Ukraine is one of the world’s biggest exporters of wheat, sunflower oil, and corn, but the war and a Russian blocking of its ports have discontinued much of that outpour, jeopardizing world food supplies.
Countries relying on Ukraine for beets and wheat are seeing shortages after months of the war. Egypt and other African nations are seeing skyrocketing food costs.
Moscow presses the West to lift sanctions against Russia and shift the blame for the food crisis aggravated by Kyiv’s inability to ship millions of tons of agricultural products and grain.
Russian President Vladimir Putin implied to Mario Draghi, Italian Prime Minister, that Moscow is keen to make a substantial subsidy to overcome the food crisis through fertilizer and grain export, provided the West will lift the politically motivated limitations.
Russia is also a significant grain exporter, and Dmitri Peskov said the West must revoke the illicit decisions that interfere with chartering ships and grain shipment.
World leaders are ramping for solutions. Director-General Ngozi Okonjo-Iweala of the World Trade Organization said approximately 25 million tons of grain are in Ukrainian storage, and next month 25 million tons more could be harvested.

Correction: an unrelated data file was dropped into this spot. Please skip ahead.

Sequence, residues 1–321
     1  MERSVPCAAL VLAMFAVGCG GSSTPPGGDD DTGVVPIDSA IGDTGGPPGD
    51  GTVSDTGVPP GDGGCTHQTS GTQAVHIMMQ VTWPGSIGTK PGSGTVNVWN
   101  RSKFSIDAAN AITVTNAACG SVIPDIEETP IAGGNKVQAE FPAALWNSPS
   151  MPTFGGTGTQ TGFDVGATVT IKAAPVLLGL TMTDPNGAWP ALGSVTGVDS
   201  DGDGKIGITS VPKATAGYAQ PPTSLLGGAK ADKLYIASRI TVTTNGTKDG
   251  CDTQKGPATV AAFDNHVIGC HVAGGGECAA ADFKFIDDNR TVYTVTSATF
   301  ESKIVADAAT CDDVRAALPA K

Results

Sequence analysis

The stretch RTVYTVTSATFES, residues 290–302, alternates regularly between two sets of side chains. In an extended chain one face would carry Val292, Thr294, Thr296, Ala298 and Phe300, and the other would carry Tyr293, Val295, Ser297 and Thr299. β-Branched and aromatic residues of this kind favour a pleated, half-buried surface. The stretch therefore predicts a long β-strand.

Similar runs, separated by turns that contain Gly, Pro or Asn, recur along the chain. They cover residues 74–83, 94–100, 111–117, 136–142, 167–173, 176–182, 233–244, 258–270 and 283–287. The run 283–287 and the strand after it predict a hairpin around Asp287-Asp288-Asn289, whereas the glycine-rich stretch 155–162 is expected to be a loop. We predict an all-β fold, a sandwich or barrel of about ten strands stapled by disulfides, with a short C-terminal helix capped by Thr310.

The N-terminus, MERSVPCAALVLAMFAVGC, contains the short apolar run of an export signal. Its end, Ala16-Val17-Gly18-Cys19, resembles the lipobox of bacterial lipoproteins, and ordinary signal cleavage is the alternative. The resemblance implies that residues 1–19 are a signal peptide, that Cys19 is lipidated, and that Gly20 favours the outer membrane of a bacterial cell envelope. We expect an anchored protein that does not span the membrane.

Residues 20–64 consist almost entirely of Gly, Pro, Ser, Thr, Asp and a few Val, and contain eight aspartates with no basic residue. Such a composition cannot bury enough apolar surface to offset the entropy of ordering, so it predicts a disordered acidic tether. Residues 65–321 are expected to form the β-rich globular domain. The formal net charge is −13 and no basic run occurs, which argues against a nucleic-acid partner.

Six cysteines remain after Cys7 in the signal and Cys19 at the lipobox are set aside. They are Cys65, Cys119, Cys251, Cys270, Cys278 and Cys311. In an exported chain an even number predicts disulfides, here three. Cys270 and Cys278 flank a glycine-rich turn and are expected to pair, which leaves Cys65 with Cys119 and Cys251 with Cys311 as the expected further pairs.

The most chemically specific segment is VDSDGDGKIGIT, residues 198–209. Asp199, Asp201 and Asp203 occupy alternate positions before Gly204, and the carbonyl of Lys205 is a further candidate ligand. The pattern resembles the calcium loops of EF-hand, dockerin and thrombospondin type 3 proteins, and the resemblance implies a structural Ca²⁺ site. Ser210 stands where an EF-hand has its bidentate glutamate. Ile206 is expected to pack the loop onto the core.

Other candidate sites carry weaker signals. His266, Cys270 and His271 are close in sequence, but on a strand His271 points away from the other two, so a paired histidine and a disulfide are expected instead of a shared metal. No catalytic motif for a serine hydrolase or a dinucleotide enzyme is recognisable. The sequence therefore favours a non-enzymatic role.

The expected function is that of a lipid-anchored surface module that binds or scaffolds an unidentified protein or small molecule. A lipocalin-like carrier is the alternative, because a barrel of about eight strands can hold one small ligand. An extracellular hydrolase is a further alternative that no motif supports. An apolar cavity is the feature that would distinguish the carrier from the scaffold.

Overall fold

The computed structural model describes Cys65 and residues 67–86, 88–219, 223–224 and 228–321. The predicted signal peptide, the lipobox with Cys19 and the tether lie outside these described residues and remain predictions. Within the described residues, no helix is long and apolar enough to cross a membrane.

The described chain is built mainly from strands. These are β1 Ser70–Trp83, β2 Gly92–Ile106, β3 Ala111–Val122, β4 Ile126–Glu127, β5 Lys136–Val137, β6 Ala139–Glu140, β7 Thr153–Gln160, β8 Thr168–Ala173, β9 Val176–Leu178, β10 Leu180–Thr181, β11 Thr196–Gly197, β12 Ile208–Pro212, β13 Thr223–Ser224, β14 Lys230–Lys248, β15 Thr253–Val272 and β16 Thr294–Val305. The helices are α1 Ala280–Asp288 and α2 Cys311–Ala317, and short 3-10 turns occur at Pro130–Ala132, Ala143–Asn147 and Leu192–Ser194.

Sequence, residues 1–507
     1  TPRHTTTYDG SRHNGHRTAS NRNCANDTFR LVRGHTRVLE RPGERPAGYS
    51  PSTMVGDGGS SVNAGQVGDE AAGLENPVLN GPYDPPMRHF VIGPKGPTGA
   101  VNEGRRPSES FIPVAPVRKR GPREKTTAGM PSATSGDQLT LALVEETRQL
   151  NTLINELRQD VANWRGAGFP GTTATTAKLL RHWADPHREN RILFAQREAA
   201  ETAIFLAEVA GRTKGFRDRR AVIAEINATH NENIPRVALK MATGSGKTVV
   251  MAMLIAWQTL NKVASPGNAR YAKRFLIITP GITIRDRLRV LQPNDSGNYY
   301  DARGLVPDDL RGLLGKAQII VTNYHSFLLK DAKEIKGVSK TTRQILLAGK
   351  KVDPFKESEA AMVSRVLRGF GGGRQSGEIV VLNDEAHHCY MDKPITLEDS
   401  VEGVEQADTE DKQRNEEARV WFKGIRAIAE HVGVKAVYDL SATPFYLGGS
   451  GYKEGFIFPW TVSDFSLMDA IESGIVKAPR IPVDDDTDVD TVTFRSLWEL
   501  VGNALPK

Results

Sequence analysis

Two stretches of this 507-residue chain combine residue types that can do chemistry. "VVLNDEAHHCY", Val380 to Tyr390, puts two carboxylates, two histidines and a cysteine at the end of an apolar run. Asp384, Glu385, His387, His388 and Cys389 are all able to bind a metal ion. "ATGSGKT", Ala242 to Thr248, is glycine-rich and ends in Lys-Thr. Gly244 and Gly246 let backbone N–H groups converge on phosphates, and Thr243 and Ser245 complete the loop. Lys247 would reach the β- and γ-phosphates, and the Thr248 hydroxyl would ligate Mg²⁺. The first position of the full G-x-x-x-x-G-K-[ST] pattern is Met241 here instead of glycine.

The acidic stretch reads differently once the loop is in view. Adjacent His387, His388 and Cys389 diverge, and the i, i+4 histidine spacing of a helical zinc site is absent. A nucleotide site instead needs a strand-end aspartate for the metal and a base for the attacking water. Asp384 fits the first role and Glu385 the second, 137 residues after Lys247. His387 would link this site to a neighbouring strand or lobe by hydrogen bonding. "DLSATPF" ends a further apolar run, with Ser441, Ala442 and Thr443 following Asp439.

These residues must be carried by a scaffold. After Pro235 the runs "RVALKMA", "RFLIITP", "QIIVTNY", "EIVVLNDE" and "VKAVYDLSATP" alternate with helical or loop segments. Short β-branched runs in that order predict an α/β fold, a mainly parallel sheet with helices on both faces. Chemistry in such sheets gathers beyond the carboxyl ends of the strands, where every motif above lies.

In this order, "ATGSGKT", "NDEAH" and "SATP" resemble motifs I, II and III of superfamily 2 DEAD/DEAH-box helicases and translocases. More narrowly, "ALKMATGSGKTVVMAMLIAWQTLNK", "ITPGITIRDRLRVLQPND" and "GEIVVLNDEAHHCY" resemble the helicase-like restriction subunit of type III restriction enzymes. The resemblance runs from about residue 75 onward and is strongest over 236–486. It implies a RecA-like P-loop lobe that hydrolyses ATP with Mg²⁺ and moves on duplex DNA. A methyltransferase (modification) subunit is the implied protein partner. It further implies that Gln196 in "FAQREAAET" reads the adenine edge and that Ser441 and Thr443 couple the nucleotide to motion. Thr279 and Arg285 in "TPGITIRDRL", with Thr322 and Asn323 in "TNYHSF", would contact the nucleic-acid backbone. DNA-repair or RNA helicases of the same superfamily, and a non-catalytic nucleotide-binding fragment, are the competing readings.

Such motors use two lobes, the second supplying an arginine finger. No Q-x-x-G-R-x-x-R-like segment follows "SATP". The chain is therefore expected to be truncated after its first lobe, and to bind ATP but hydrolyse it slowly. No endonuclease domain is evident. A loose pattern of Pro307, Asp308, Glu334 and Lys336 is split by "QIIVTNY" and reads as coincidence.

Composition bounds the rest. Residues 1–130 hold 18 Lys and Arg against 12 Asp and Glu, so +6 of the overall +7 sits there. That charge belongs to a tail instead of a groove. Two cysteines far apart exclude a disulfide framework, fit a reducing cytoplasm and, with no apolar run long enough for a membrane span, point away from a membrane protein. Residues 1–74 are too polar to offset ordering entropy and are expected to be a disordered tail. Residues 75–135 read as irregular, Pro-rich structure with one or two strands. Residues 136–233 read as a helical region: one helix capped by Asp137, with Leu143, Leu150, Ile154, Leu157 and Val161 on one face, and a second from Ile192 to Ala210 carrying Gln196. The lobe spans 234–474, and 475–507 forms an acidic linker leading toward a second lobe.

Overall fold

The Situation in Eastern Ukraine
Ukraine’s President Volodymyr Zelenskyy has said the situation in eastern Ukraine is tough with Russian forces firing, seizing, and assaulting key cities.
In his nightly address to the nation, Zelenskyy said that the Russian army wanted to demolish everything there. The mayor of Kyiv, Vitali Klitschko, told the World Economic Forum that safety is his main priority.
Before the war, the population of Kyiv was approximately 3.5 million. Still, now it is down to 1 million, although more people are slowly returning to the city since Russia withdrew its troops.
Dmytro Kuleba, Ukraine’s Foreign Minister, said on Wednesday at the World Economic Forum in Davos, Switzerland, that there could be a food crisis if Russia continues to block ships from carrying export produce.
Mikhail Mizintsev, head of Russia’s National Defense Control Center, claimed there are 70 foreign vessels from six ports and will allow them to leave Mariupol through the Sea of Azov, Odesa, and Kherson and Mykolaiv on the Black Sea. And yet, he did not specify how many were ready to carry food. The Russian foreign ministry claimed five ships were able to leave Mariupol, but CNBC was unable to verify the information.
Russian forces persisted in pressing their offensive in several regions of eastern Donbas, focusing on the factories and industrial heartland of coal mines after Russia suffered a string of lapses and diverted to restricted goals.
Written by Janet Grace Ortigas
Edited by Sheena Robertson
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